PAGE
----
The climber will experience pain along the entire length of the tendon, where even a simple displacement can be painful. Although most of the time there is not much swelling, the external appearance will be like any other type of tendonitis.

Lumbrical muscle strain

After a mono finger or bi-finger movement, there is a sharp pain in the palm of the hand . If you are experiencing these symptoms, you may have damage to the lumbrical muscles. These are a type of intrinsic muscle in the hand that are involved in flexing the knuckle joint and extending the fingers.

These two movements are essential for climbing. This is especially true for monofinger and bidirectional movements, or when pulling a pocket or mono hole with one finger . As a result, excessive tension is generated in these muscles, causing their fibres to stretch.

Best products for the recovery of hand, finger and wrist injuries in climbing and mountain sports


How to apply the RICE therapy to treat hand and finger injuries in climbing?

The RICE therapy is an applied first aid protocol applied especially to minor injuries. Its effectiveness in delivering results has made it the most suitable method for treating sprains, bruises, strains and sprains, among others. However, its effectiveness is widely recommended for acute injuries.

Below, we will talk about the PRICE therapy and how to apply it to hand, finger and wrist injuries in rock climbing:

  • Protection: This phase involves stopping all activity of the hand, fingers and wrist to prevent further damage. The use of immobilising products is recommended to avoid movements that worsen the injury.
  • Rest: Rest is combined with immobilisation of the affected area in order to relieve the load. This will contribute to the effective recovery of the hand, finger or wrist injury for at least the first 48 hours after the injury has occurred.
  • Ice: Applying ice to the injured area is known as cryotherapy. The aim of this phase is to reduce inflammation and pain through its vasoconstrictor effect. It is recommended to be applied during the first 72 hours after the injury, for 5 to 10 minutes each session and at intervals of 1 to 2 hours.
  • Compression: During this phase, special care must be taken to ensure venous return. Therefore, during the compression of the lesion, do not exert too much pressure or immobilise it completely.
  • Elevation: The protocol ends with elevation of the hand, fingers or wrist above the level of the heart. This is to reduce blood pressure, swelling and pain.


  1. Jones, G., & Johnson, M. I. (2016). A critical review of the incidence and risk factors for finger injuries in rock climbing. Current sports medicine reports15(6), 400-409. https://journals.lww.com/acsm-csmr/fulltext/2016/11000/A_Critical_Review_of_the_Incidence_and_Risk.9.aspx
  2. Schöffl, V. R., & Schöffl, I. (2006). Injuries to the finger flexor pulley system in rock climbers: current concepts. The Journal of hand surgery31(4), 647-654. https://www.sciencedirect.com/science/article/abs/pii/S0363502306002474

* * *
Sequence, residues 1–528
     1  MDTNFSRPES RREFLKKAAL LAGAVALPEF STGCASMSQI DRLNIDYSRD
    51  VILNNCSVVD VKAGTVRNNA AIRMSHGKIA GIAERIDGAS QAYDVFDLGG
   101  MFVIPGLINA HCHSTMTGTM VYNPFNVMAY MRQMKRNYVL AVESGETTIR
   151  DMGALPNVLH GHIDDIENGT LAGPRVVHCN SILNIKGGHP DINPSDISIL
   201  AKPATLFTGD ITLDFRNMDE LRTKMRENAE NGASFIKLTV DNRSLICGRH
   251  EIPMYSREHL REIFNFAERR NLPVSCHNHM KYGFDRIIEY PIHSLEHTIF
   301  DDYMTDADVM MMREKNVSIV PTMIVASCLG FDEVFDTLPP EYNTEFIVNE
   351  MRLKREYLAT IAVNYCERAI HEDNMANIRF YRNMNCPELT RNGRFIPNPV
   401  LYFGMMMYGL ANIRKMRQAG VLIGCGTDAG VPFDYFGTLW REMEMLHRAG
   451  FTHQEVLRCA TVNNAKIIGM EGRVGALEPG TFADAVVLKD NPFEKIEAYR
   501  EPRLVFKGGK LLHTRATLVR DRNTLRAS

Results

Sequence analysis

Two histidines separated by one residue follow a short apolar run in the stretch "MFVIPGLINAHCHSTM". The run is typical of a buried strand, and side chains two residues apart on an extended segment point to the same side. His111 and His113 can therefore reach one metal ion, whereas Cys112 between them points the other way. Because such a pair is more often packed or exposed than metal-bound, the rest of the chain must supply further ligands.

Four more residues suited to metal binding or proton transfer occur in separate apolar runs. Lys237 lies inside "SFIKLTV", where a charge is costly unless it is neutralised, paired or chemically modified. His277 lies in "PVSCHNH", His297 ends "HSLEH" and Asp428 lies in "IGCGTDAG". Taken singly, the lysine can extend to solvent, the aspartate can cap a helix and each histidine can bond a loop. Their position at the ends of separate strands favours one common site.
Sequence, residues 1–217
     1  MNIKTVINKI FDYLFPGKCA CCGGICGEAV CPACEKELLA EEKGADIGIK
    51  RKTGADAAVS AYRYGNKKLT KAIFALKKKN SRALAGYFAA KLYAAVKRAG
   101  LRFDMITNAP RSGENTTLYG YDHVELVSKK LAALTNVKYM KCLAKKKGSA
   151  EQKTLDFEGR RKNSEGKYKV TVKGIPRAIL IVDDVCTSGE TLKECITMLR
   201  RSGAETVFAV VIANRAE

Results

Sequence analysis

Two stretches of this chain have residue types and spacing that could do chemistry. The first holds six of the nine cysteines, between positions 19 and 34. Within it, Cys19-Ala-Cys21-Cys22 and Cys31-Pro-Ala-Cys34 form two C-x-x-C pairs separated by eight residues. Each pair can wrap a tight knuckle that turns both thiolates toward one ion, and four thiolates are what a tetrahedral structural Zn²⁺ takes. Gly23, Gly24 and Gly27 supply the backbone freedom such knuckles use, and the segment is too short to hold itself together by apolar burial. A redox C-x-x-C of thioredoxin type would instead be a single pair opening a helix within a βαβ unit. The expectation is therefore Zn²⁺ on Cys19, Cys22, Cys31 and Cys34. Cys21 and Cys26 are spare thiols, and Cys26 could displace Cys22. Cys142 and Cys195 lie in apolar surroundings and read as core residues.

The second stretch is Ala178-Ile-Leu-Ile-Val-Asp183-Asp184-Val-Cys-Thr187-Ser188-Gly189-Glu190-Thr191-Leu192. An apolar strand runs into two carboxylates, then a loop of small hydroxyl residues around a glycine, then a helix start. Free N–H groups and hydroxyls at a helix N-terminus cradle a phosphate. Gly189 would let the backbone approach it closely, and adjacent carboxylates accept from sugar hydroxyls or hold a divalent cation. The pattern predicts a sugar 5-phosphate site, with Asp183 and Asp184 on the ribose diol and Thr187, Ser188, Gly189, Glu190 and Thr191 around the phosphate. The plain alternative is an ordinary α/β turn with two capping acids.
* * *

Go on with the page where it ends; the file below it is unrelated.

3. Klauser, A., Bodner, G., Frauscher, F., Gabl, M., & Zur Nedden, D. (1999). Finger injuries in extreme rock climbers. The American journal of sports medicine27(6), 733-737. https://journals.sagepub.com/doi/abs/10.1177/03635465990270060801
  4. Bollen, S. R., & Gunson, C. K. (1990). Hand injuries in competition climbers. British journal of sports Medicine24(1), 16-18. https://bjsm.bmj.com/content/24/1/16.short
  5. Logan, A. J., Makwana, N., Mason, G., & Dias, J. (2004). Acute hand and wrist injuries in experienced rock climbers. British journal of sports medicine38(5), 545-548. https://bjsm.bmj.com/content/38/5/545.short
  6. Rooks, M. D. (1997). Rock climbing injuries. Sports Medicine23, 261-270. https://link.springer.com/article/10.2165/00007256-199723040-00005
  7. Cole, K. P., Uhl, R. L., & Rosenbaum, A. J. (2020). Comprehensive review of rock climbing injuries. JAAOS-Journal of the American Academy of Orthopaedic Surgeons28(12), e501-e509. https://journals.lww.com/jaaos/Abstract/2020/06150/Comprehensive_Review_of_Rock_Climbing_Injuries.5.aspx
  8. Jones, G., Asghar, A., & Llewellyn, D. J. (2008). The epidemiology of rock-climbing injuries. British journal of sports medicine42(9), 773-778. https://bjsm.bmj.com/content/42/9/773.short
  9. Backe, S., Ericson, L., Janson, S., & Timpka, T. (2009). Rock climbing injury rates and associated risk factors in a general climbing population. Scandinavian journal of medicine & science in sports19(6), 850-856. https://onlinelibrary.wiley.com/doi/abs/10.1111/j.1600-0838.2008.00851.x
  10. Haas, J. C., & Meyers, M. C. (1995). Rock climbing injuries. Sports Medicine20, 199-205. https://link.springer.com/article/10.2165/00007256-199520030-00006
Item added to cart.
0 items - £0,00